The belief that productivity growth rates differ substantially across sectors has had extremely important implications for policy. In many developing countries, the belief that total factor productivity (TFP) growth is higher in manufacturing appears to have contributed to strong policy biases against agriculture and toward manufacturing. One would expect that the widespread failure of this approach to development would have raised questions about the underlying assumption of relative productivity differences, but it appears that this was not always the case. Academic analysis of the problem, in particular, has frequently continued to use the Ricardian assumption of zero productivity growth in agriculture. Comparisons of productivity growth between agriculture and manufacturing are also instructive for policies on the allocation of research resources and on the definition of intellectual property rights. In agriculture, much of the research underlying the development of high-yielding varieties of rice and other crops was the result of a conscious policy choice to fund the development of such varieties and their adaptation to the particular environments of developing countries. In industry, direct public funding plays a relatively smaller, but not insignificant, role. In both sectors, important public policy issues arise in the definition and enforcement of intellectual property rights; because of the Trade-Related Intellectual Property Rights agreement reached under the Uruguay Round, these issues are now of much stronger international concern than was previously the case.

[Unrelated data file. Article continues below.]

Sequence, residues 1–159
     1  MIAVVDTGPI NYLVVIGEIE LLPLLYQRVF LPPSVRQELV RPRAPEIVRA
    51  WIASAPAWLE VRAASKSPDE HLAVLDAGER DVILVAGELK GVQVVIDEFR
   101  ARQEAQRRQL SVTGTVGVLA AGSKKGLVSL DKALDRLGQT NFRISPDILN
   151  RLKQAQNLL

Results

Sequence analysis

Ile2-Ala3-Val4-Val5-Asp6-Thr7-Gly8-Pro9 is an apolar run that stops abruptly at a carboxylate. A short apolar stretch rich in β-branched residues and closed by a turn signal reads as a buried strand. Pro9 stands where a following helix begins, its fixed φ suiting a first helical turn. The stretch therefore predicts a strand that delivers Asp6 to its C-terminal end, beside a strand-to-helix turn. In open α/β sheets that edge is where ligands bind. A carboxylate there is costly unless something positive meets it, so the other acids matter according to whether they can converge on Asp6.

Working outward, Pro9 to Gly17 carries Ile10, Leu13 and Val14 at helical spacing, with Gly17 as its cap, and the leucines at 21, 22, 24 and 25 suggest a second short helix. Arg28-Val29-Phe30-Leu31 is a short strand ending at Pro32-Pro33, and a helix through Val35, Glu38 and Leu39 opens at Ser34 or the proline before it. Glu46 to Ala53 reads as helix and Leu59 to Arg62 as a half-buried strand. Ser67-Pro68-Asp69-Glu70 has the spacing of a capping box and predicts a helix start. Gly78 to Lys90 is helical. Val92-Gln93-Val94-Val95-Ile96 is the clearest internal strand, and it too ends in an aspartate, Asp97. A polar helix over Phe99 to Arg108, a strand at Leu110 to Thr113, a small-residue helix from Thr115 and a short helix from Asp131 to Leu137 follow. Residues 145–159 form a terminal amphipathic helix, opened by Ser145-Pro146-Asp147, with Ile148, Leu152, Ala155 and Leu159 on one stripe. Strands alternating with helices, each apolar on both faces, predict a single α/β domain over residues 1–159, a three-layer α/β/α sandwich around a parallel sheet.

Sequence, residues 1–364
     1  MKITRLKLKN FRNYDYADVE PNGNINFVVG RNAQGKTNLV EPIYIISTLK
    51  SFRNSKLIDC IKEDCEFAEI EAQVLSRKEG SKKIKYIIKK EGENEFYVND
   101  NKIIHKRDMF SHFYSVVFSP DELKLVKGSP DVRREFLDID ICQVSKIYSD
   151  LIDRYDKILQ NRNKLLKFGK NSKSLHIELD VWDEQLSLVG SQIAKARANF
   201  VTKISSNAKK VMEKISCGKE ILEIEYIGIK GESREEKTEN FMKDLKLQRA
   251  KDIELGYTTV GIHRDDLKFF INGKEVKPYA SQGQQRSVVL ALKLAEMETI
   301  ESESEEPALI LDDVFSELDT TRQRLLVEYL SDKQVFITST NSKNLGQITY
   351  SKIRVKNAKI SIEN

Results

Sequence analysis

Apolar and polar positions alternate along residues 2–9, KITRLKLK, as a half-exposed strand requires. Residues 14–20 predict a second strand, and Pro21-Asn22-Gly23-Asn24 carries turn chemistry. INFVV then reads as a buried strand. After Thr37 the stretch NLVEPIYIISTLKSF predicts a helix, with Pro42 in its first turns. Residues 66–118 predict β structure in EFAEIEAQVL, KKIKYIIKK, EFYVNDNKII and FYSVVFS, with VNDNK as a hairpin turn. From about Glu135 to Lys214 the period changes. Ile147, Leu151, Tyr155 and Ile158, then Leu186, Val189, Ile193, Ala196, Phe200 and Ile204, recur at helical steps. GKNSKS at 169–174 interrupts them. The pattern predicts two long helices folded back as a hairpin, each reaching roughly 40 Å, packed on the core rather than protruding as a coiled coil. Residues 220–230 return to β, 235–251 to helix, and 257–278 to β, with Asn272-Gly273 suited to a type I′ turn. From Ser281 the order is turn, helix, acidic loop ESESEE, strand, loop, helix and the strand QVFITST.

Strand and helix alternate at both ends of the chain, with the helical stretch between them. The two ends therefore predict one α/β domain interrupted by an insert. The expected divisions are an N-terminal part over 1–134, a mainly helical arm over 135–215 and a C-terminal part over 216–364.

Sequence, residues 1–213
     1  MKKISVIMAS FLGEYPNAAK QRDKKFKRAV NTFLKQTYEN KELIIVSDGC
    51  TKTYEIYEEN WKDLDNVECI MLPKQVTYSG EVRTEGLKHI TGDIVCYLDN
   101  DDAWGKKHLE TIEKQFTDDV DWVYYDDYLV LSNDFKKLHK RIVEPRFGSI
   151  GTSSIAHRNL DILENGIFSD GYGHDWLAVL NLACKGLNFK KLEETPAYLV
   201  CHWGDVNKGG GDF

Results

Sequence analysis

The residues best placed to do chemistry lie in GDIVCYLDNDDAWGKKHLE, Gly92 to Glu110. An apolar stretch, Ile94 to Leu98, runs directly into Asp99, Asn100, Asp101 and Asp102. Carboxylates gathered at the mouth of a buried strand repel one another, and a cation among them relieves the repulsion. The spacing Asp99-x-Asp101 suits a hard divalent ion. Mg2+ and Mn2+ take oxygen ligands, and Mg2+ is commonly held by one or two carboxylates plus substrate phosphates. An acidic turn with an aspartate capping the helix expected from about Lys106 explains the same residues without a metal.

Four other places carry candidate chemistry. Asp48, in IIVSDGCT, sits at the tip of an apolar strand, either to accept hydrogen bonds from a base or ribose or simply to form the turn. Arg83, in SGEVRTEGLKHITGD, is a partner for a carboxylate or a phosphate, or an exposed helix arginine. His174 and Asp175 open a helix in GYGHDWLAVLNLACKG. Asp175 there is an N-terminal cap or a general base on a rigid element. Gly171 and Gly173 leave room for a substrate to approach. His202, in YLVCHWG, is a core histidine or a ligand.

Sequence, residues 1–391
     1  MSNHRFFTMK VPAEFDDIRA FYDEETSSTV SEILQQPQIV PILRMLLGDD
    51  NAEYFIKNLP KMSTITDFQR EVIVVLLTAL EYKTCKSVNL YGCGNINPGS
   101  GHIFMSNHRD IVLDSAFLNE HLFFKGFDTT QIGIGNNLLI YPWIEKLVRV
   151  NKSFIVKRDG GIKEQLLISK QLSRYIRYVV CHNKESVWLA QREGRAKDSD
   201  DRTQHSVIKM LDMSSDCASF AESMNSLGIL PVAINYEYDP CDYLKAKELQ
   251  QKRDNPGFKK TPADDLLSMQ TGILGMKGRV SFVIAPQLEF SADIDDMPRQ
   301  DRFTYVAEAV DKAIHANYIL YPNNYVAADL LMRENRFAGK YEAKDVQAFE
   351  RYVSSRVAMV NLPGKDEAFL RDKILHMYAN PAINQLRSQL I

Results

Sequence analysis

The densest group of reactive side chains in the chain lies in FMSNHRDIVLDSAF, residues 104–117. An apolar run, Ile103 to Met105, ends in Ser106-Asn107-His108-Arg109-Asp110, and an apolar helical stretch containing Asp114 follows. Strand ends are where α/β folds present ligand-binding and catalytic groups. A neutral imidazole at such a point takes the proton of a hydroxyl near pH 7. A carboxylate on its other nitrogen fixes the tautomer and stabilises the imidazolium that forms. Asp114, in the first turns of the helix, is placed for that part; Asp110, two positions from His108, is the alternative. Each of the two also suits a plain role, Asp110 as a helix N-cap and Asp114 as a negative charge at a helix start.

ASJC Scopus subject areas
- Economics and Econometrics